×
INTELLIGENT WORK FORUMS
FOR ENGINEERING PROFESSIONALS

Log In

Come Join Us!

Are you an
Engineering professional?
Join Eng-Tips Forums!
  • Talk With Other Members
  • Be Notified Of Responses
    To Your Posts
  • Keyword Search
  • One-Click Access To Your
    Favorite Forums
  • Automated Signatures
    On Your Posts
  • Best Of All, It's Free!
  • Students Click Here

*Eng-Tips's functionality depends on members receiving e-mail. By joining you are opting in to receive e-mail.

Posting Guidelines

Promoting, selling, recruiting, coursework and thesis posting is forbidden.

Students Click Here

Older 8" CMU Block Actual Size

Older 8" CMU Block Actual Size

Older 8" CMU Block Actual Size

(OP)
Hello, I have a 1967 CMU building and found the exterior wall block dimensions are actually 8"D x 7 5/8"H x 15 5/8"L as opposed to the standard 7 5/8"D x 7 5/8"H x 15 5/8"L. If a modern standard block is used to fill in some of the window openings there would be a 3/8" lip if the blocks are placed flush with the exterior walls. Is that common to find with older buildings and are custom depth CMUs then specified?

I am working with a very busy SE on adding some courses to the exterior walls and filling in some windows, etc. We just finished the interior demolition to expose the walls and ceiling, etc, and the SE will be back out soon to review everything and give direction. I find CMU construction quite fascinating so I figured I'd ask about the size difference before the review.

Thanks! - Jeff

RE: Older 8" CMU Block Actual Size

For looks, the new blocks will not match the pattern of the original blocks at each window, unless covered by a stucco-like mix. Filled in windows in old buildings always seem to stick out like that, regardless of where the blocks or bricks are placed.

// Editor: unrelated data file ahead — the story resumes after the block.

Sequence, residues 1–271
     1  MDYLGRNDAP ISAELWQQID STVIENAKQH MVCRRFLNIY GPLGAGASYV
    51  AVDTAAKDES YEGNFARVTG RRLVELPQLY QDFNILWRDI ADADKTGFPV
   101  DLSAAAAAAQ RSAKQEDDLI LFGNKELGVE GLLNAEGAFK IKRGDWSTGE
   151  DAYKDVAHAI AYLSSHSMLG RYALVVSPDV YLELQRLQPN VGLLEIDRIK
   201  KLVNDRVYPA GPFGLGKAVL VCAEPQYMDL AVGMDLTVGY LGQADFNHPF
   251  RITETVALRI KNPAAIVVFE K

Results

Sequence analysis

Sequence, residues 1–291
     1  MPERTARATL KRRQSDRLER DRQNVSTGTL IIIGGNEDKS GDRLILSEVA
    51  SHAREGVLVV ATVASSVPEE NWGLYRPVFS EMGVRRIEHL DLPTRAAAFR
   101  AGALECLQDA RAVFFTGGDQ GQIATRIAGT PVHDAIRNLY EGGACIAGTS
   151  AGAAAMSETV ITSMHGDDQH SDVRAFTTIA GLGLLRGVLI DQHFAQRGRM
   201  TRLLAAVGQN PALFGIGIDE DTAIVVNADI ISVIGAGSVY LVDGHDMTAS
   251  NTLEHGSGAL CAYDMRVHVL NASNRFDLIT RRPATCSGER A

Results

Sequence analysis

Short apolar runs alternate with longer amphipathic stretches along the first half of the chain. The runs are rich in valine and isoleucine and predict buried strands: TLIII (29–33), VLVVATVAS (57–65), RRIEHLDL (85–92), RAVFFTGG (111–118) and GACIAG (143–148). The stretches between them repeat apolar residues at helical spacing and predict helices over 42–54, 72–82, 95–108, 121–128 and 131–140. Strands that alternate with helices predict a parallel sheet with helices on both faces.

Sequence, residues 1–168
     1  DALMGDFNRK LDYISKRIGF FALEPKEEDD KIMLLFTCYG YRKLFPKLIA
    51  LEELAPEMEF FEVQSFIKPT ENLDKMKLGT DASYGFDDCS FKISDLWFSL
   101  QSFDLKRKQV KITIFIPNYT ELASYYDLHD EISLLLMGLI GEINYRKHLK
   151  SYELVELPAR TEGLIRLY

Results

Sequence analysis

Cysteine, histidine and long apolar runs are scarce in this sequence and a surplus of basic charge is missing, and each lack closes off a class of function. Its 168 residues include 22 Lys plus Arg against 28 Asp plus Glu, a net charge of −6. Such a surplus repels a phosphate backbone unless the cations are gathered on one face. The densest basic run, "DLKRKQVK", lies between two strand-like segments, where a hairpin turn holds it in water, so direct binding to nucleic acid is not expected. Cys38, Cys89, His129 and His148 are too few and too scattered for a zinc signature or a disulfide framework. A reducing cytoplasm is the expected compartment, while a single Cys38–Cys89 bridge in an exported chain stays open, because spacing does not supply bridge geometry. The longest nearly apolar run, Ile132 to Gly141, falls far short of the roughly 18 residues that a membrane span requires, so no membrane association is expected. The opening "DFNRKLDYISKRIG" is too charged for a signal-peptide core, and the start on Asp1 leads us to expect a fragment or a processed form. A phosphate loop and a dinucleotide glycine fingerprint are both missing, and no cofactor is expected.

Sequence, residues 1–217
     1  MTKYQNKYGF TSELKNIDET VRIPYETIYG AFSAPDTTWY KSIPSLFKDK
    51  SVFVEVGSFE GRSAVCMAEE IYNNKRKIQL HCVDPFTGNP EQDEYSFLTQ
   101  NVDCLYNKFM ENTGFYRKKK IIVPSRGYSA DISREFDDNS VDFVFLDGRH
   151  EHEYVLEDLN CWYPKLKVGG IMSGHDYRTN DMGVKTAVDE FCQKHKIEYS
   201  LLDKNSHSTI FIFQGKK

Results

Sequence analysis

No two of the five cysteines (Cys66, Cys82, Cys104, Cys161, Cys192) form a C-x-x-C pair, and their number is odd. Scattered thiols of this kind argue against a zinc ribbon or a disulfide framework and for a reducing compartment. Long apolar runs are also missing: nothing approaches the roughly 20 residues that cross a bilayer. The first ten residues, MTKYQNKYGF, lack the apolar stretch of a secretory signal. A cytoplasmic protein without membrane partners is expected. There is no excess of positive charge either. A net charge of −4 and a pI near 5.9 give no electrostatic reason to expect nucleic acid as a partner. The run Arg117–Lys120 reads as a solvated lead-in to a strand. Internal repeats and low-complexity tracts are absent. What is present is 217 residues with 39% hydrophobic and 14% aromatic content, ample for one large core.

So the difference in "depth" could be inside or outside to either make the filled-window a "feature" with a reveal around the old opening, or flush to make the outside smooth with the new stucco/wall covering.

RE: Older 8" CMU Block Actual Size

JPInrush:
Fill the opening with 2 – 4” wythes of conc. blk. in the same running bond (whatever bond) pattern to match the existing, and match the inner and outer plane surfaces of the wall. Fill the collar joint with mortar or grout, and put in some metal ties btwn. the wythes. You could use a current std. 8” conc. blk. and fill the inner 3/8” void with sheet rock if your interior finish allows. There are a number of ways to skin this cat. The face shells of the new and old conc. blk. will always look differently due to age and weathering, and need some attention to minimize this difference if that is really important. In fact, current loads of conc. blk. from different suppliers will look slightly different due to ingredient and manufacturing differences. RE: the 8” thickness vs. 7&5/8”…., many conc. blk. manufacturers have some slightly different special blk. sizes.

RE: Older 8" CMU Block Actual Size

(OP)